This went on for many years and would confuse my mind and perplex my heart and sensibilities. Because of my mind, I could not understand it. I just kept pushing it away. One day, while witnessing a particularly 'frenzied' interaction, I could feel something shift, let go inside. I sat on the veranda by the Blue Bus, closed my eyes and inwardly implored Baba to help me understand. In an instant, I heard loud and clear, what I took to be directly from Baba; "Psychological development has absolutely nothing to do with Spiritual Advancement" and that was all I heard. At the time it felt like a relief, but for the past fifteen years I have pondered it. To this end, I share a bit of what I have made of it since.


What I heard Baba say was not that spiritual growth had nothing to do with psychological work, He said spiritual advancement. This I have come to realize is different. Darwin Shaw maintains in his book, Effort and Grace,that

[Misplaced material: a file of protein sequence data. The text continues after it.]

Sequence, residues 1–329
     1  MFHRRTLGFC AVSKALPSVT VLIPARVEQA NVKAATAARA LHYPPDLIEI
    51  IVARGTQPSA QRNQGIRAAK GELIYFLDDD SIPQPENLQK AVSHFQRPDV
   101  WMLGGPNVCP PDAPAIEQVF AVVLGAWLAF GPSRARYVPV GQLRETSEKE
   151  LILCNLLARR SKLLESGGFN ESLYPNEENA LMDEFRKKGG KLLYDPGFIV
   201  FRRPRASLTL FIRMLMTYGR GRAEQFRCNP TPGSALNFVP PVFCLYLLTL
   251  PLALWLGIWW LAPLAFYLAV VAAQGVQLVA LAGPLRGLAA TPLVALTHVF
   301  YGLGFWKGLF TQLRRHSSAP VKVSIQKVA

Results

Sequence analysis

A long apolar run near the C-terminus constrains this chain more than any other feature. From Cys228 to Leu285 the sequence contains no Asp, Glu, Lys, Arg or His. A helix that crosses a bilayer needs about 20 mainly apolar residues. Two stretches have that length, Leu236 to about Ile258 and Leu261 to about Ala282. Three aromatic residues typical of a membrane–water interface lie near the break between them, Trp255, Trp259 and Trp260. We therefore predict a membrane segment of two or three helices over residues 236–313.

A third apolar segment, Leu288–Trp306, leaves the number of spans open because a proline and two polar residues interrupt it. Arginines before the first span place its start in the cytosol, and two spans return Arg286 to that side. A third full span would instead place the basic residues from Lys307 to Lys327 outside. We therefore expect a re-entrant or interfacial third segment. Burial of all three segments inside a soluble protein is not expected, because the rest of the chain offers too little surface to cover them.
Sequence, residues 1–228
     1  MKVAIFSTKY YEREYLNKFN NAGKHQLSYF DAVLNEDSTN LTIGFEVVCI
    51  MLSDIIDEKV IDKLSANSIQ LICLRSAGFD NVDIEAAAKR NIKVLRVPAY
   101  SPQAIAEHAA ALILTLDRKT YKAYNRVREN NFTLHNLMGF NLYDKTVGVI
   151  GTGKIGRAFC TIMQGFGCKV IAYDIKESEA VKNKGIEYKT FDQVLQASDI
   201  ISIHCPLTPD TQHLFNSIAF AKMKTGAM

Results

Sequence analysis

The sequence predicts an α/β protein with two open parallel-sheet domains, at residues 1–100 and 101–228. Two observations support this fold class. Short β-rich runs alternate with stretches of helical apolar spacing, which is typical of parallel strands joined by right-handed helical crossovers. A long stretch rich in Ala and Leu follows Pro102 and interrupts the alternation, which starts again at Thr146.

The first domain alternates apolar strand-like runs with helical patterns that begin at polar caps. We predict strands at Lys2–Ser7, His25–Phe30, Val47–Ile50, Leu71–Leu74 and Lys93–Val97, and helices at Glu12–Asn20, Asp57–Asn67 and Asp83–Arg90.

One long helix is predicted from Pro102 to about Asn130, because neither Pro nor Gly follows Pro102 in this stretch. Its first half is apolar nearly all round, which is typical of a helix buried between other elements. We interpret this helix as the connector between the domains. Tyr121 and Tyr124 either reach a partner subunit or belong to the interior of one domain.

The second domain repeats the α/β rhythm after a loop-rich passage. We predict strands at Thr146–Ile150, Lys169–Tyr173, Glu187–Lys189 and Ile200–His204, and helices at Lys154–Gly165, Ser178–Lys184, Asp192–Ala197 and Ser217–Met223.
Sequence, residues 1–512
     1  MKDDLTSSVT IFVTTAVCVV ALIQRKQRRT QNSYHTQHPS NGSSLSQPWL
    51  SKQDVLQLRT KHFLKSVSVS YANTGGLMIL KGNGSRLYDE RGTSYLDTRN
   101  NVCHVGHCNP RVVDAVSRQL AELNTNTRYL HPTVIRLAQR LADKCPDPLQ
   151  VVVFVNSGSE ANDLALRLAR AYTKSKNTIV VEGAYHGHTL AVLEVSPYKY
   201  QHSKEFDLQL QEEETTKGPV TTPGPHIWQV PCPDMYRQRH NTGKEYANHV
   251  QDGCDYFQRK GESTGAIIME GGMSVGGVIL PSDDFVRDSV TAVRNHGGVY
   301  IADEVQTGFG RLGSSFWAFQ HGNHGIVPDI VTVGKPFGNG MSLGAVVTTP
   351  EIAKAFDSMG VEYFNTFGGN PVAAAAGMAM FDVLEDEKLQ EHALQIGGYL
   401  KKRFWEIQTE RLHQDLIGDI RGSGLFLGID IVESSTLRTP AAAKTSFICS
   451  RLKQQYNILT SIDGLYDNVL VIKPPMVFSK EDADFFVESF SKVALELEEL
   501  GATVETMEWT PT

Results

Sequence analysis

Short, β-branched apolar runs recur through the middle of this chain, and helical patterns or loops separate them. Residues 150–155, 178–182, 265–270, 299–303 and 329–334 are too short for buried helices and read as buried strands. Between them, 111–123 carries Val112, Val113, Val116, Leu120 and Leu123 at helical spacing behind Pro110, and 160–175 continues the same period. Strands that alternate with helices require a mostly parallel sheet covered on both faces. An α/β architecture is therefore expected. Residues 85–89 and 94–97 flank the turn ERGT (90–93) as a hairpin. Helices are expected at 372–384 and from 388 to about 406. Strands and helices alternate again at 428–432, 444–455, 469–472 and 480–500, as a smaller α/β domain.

we have to make an effort toward Love even as Baba says it is the Grace of the Master that brings us home. Without our efforts to control our minds, desires, whims and moods, we cannot clear the strangers from our hearts enough to let go and realize Baba is there.  



For me, in my own life and from what I have witnessed in working with countless others over the years in my practice, psychological growth and healing can bring us closer to our hearts and our own self-compassion and love. Without this self-love I don't think we can ever experience the Love of the True Self. In other words, the ego must be strengthened before it can be surrendered and ultimately crushed by the Grace of the Master.